HealthDay News — Common carotid artery (CCA) wall thickness measured using magnetic resonance imaging (MRI) is more consistently associated with incident cardiovascular disease (CVD) outcomes than intima-media thickness measured by ultrasound, according to a study published online Oct. 9 in Radiology.
Yiyi Zhang, PhD, from the Johns Hopkins University Bloomberg School of Public Health in Baltimore, and colleagues conducted a prospective study involving 698 participants without a history of clinical cardiovascular disease from the Multi-Ethnic Study of Atherosclerosis. CCA wall thickness was measured with ultrasound and with non-contrast proton density-weighted and intravenous gadolinium-enhanced MRI. The correlations between wall thickness measured with ultrasound and MRI were assessed with CVD outcomes.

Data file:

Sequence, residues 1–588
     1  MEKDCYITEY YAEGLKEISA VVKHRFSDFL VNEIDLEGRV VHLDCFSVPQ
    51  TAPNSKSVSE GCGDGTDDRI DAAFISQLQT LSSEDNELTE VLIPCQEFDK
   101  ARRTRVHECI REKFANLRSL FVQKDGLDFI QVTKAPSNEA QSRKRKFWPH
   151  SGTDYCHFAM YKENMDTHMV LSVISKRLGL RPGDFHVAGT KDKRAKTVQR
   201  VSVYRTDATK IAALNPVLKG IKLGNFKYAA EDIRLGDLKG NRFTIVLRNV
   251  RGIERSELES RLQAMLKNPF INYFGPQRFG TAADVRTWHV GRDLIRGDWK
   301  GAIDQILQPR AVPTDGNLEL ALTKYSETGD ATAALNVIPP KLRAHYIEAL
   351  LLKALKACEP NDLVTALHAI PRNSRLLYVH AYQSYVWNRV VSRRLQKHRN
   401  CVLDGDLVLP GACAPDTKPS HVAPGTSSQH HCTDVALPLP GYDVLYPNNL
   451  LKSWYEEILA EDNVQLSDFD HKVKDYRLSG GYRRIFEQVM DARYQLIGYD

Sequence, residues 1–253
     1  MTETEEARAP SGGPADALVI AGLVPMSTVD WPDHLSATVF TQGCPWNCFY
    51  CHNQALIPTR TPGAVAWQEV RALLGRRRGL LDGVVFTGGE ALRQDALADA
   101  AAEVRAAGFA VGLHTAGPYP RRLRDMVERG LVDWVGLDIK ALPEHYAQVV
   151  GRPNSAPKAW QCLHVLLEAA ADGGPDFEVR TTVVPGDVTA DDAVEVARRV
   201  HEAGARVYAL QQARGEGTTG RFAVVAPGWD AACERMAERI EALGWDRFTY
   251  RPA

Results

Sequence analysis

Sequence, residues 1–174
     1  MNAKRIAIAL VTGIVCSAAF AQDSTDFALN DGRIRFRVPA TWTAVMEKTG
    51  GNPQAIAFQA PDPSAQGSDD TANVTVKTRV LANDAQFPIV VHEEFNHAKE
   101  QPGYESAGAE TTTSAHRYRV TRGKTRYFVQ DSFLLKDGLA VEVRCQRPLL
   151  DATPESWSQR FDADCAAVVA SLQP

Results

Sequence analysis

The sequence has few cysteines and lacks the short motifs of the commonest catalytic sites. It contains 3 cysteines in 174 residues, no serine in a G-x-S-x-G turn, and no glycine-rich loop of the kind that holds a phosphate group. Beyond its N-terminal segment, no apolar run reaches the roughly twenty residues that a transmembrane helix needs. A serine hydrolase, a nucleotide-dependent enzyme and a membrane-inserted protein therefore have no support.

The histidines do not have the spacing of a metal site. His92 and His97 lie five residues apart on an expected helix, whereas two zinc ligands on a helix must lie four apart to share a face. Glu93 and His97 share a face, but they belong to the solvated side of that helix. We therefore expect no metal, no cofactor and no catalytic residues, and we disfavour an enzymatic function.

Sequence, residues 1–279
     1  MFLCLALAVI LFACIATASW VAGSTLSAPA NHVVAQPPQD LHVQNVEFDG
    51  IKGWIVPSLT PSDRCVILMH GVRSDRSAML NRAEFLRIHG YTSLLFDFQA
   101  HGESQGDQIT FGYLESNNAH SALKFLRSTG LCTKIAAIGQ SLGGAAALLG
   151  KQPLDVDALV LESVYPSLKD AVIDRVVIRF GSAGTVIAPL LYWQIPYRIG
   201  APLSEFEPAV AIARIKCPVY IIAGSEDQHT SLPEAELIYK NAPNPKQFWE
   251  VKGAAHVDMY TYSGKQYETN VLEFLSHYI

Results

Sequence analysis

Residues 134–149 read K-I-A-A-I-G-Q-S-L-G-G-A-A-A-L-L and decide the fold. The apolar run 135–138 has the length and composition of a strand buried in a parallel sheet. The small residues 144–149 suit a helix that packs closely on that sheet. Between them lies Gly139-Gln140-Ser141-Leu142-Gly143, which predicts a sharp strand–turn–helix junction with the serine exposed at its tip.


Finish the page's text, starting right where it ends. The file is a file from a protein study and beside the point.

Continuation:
The researchers found that per standard deviation increase in intima-media thickness, the adjusted hazard ratios for coronary heart disease, stroke, and CVD were 1.10, 1.08, and 1.14, respectively. For mean wall thickness measured with proton density-weighted MRI, the corresponding associations were 1.32, 1.48, and 1.37. For mean wall thickness measured with gadolinium-enhanced MRI, the corresponding associations were 1.27, 1.58, and 1.38. MRI wall thickness, but not intima-media thickness, remained associated with outcomes when included simultaneously in the same model.
“What we saw was surprising,” a coauthor said in a statement. “MRI measures of carotid artery wall thickness were more consistently associated with cardiovascular events than was intima-media thickness using ultrasound. This tells us that perhaps MRI could be a better predictor of cardiovascular events, especially stroke.”